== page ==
Sum of quotients of slopes

In the case of \triangle ABC with side-slopes a,ar,ar^2, the sum we formed in our last post becomes:

(1)   \begin{equation*} q=\frac{m_{BC}}{m_A}+\frac{m_{CA}}{m_B}+\frac{m_{AB}}{m_C}=\frac{4r^4+2r^3-3r^2+2r+4}{2r^3+5r^2+2r}. \end{equation*}

For certain, things always turn out interesting in the setting of geometric progressions. As ascertained in example 3 for instance, the order of each quotient in each summand can be reversed, while the final sum remains preserved:

(2)   \begin{equation*} q=\frac{m_{A}}{m_{BC}}+\frac{m_{B}}{m_{CA}}+\frac{m_{C}}{m_{AB}}=\frac{4r^4+2r^3-3r^2+2r+4}{2r^3+5r^2+2r}. \end{equation*}

Another interes-thing that pertains to this familiar terrain is how we obtain specific values when we restrict to equilateral and right isosceles triangles (spoiler alert: -15 and -19).

How come???

In \triangle ABC, let sides AB,BC,CA have slopes a,ar,ar^2. PROVE that the slopes of the medians from each vertex are: m_A=-ar, m_B=\left(\frac{r+2}{2r+1}\right)ar, and m_C=\left(\frac{2r+1}{r+2}\right)ar.

Observe that the median slopes m_B,m_A,m_C form a geometric progression. Except for the special case r=-2,-\frac{1}{2}, the slopes of the sides of a triangle form a geometric progression if and only if the slopes of the medians form another geometric progression, and their common ratios are related.

Why does the case r=-2,-\frac{1}{2} fail the equivalence? First, it is the required restriction in the median slopes stated above. Another reason is that any three-term geometric progression with common ratio r=-2 is, upon re-arrangement, an arithmetic progression (for example, 5,-10,20 is geometric while -10,5,20 is arithmetic). And if the side-slopes of a triangle form an arithmetic sequence, then the triangle necessarily contains a vertical median.

In other to obtain m_A=-ar, m_B=\left(\frac{r+2}{2r+1}\right)ar, and m_C=\left(\frac{2r+1}{r+2}\right)ar, we’ll place the vertices of \triangle ABC at the points A(x_1,y_1), B(x_2,y_2), and C(x_3,y_3). Since the slopes of sides AB,BC,CA are a,ar,ar^2 respectively, the coordinates of the vertices are related according to:

(3)   \begin{equation*} x_1=x_3+\frac{y_2-y_3}{ar(r+1)},~y_1=\frac{ry_2+y_3}{r+1},~x_2=x_3+\frac{y_2-y_3}{ar} \end{equation*}

Thus, the midpoint of BC is \left(\frac{x_2+x_3}{2},\frac{y_2+y_3}{2}\right). In view of the above relations, we get \left(x_3+\frac{y_2-y_3}{2ar},\frac{y_2+y_3}{2}\right). The slope of the median from vertex A can then be obtained:

    \begin{equation*} \begin{split} m_A&=\left[\left(\frac{y_2+y_3}{2}\right)-\left(\frac{ry_2+y_3}{r+1}\right)\right]\div\left[\left(x_3+\frac{y_2-y_3}{2ar}\right)-\left(x_3+\frac{y_2-y_3}{ar(r+1)}\right)\right]\\ &=\frac{(1-r)(y_2-y_3)}{2(r+1)}\div \frac{(r-1)(y_2-y_3)}{2ar(r+1)}\\ &=-ar. \end{split} \end{equation*}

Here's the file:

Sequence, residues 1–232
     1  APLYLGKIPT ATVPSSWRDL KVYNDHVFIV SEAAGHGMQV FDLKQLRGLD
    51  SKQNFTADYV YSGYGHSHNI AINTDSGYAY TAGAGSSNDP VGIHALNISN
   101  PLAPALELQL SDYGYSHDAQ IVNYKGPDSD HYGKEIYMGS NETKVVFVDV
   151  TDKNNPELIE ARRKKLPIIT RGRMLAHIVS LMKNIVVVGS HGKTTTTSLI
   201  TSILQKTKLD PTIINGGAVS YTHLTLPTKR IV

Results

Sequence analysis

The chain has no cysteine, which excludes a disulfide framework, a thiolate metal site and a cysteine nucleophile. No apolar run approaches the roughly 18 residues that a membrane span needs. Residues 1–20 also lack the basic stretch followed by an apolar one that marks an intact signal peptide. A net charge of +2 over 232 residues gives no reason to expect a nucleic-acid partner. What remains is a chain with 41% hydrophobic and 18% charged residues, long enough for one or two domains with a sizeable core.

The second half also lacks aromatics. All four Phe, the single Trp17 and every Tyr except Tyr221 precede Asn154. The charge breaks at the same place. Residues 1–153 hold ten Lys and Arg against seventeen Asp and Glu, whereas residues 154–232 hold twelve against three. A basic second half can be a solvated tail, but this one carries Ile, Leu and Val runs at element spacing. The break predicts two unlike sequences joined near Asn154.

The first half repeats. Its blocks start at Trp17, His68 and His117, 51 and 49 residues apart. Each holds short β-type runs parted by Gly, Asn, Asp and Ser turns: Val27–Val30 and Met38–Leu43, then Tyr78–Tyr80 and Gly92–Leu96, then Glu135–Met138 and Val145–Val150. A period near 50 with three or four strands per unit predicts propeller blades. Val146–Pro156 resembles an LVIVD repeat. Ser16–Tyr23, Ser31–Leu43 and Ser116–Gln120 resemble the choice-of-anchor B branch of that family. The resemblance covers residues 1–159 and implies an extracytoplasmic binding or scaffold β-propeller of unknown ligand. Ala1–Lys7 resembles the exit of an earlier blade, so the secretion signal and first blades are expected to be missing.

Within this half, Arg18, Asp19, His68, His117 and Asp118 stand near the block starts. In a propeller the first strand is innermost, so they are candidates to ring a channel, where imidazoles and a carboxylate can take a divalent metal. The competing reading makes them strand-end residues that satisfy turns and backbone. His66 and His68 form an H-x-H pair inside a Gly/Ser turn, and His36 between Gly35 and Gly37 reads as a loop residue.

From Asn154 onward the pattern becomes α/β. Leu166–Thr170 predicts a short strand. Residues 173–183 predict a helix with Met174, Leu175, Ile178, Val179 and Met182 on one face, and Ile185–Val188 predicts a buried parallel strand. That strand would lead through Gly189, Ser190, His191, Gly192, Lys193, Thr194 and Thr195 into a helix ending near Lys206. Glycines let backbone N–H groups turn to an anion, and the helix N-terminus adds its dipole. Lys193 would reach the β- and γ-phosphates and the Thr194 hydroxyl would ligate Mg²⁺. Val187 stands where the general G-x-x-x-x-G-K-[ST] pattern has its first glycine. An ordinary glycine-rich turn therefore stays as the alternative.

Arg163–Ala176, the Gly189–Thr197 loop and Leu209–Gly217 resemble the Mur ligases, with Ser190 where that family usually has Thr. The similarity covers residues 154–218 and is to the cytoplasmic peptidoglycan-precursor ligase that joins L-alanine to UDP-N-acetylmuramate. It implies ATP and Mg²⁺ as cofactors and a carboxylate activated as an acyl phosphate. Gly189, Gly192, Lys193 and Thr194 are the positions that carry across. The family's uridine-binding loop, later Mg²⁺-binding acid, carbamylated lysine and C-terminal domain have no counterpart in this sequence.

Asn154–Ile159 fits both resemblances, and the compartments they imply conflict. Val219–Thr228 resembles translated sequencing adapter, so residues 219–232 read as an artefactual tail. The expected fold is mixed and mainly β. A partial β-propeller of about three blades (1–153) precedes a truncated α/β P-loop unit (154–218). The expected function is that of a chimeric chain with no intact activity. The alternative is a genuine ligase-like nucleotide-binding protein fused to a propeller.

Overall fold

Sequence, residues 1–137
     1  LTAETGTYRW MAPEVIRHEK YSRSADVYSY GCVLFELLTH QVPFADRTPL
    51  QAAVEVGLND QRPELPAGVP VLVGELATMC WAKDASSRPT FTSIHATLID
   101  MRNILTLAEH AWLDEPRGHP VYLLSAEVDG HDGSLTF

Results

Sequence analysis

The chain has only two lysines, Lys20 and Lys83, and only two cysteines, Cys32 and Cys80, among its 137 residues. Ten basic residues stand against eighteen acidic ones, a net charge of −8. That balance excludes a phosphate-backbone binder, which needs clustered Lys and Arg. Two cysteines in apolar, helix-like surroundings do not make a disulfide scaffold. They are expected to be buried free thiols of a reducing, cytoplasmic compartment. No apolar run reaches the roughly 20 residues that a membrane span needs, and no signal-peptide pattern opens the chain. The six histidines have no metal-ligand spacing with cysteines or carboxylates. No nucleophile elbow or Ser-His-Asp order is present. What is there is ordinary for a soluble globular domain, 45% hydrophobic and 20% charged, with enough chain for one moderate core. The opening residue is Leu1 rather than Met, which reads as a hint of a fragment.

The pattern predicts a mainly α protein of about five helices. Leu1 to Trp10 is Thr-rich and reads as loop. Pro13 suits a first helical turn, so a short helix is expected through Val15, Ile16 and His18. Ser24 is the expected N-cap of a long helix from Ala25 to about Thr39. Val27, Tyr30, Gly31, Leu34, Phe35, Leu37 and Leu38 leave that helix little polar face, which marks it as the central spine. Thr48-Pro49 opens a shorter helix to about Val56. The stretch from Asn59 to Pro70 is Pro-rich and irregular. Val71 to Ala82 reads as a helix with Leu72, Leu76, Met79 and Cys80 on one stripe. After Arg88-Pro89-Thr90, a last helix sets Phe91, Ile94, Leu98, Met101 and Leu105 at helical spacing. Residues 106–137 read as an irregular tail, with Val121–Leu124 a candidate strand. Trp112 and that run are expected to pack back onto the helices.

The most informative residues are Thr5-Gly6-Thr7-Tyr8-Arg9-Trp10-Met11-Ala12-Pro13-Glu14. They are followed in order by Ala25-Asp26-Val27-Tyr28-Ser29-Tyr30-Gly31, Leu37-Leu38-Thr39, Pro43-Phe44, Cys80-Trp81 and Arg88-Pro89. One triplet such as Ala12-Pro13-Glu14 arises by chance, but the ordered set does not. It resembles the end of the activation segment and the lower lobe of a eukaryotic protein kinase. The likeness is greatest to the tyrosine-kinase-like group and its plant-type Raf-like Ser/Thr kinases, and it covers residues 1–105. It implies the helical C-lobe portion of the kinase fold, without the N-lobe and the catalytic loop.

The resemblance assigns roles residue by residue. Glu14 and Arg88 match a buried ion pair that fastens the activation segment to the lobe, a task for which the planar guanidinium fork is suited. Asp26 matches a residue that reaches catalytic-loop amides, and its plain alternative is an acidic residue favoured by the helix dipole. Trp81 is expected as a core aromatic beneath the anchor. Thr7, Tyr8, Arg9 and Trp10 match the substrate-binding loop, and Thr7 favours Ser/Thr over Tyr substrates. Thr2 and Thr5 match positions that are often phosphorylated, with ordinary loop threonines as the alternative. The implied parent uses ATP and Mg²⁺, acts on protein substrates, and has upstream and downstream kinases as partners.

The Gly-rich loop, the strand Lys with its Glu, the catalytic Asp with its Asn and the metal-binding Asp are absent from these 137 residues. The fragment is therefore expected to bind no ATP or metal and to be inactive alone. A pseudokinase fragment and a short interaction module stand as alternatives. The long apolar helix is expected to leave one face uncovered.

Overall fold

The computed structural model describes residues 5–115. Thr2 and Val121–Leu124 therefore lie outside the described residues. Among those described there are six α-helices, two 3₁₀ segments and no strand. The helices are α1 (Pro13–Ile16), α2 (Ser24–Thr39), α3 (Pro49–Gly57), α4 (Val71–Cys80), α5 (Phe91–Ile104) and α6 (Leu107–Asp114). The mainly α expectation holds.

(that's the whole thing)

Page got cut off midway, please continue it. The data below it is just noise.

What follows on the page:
The midpoint of CA is \left(x_3+\frac{y_2-y_3}{2ar(r+1)},\frac{ry_2+(r+2)y_3}{2(r+1)}\right), as per (3). The slope of the median from vertex B is:

    \begin{equation*} \begin{split} m_B&=\left[\frac{ry_2+(r+2)y_3-2(r+1)y_2}{2(r+1)}\right]\div\left[\frac{(y_2-y_3)-(2r+2)(y_2-y_3)}{2ar(r+1)}\right]\\ &=\frac{-(r+2)(y_2-y_3)}{2(r+1)}\div\frac{-(2r+1)(y_2-y_3)}{2ar(r+1)}\\ &=\left(\frac{r+2}{2r+1}\right)ar. \end{split} \end{equation*}

Similar calculation gives m_C=\left(\frac{2r+1}{r+2}\right)ar. Easy stuff.

Derivations

Derive equation (1): q=\frac{4r^4+2r^3-3r^2+2r+4}{2r^3+5r^2+2r} for triangle ABC with sides AB,BC,CA having slopes a,ar,ar^2.

Using our definition of q and the preceding example:

    \begin{equation*} \begin{split} q&=\frac{m_{BC}}{m_A}+\frac{m_{CA}}{m_B}+\frac{m_{AB}}{m_C}\\ &=\frac{ar}{-ar}+\left[ar^2\div\left(\frac{r+2}{2r+1}\right)ar\right]+\left[a\div\left(\frac{2r+1}{r+2}\right)ar\right]\\ &=(-1)+\left(\frac{r(2r+1)}{r+2}\right)+\left(\frac{r+2}{r(2r+1)}\right)\\ &=\frac{-r(r+2)(2r+1)+r^2(2r+1)^2+(r+2)^2}{r(r+2)(2r+1)}\\ &=\frac{4r^4+2r^3-3r^2+2r+4}{2r^3+5r^2+2r}. \end{split} \end{equation*}

Consequently, triangles having slopes in geometric progressions with the same common ratios have the same q-values. And it is even possible to have different common ratios yielding the same q-values.

PROVE that \frac{m_{BC}}{m_A}+\frac{m_{CA}}{m_B}+\frac{m_{AB}}{m_C}=\frac{m_{A}}{m_{BC}}+\frac{m_{B}}{m_{CA}}+\frac{m_{C}}{m_{AB}} for \triangle ABC with sides AB,BC,CA having slopes a,ar,ar^2 respectively.

Thus, we can use either equation (1) or equation (2) to compute q in the case of geometric progressions. Using example 1 again:

    \begin{equation*} \begin{split} \frac{m_{A}}{m_{BC}}+\frac{m_{B}}{m_{CA}}+\frac{m_{C}}{m_{AB}}&=\frac{-ar}{ar}+\left[\left(\frac{r+2}{2r+1}\right)ar\div ar^2\right]+\left[\left(\frac{2r+1}{r+2}\right)ar\div a\right]\\ &=(-1)+\frac{r+2}{r(2r+1)}+\frac{r(2r+1)}{r+2}\\ &=\frac{-r(r+2)(2r+1)+(r+2)^2+r^2(2r+1)^2}{r(r+2)(2r+1)}\\ &=\frac{4r^4+2r^3-3r^2+2r+4}{2r^3+5r^2+2r}\\ &=\frac{m_{BC}}{m_A}+\frac{m_{CA}}{m_B}+\frac{m_{AB}}{m_C}. \end{split} \end{equation*}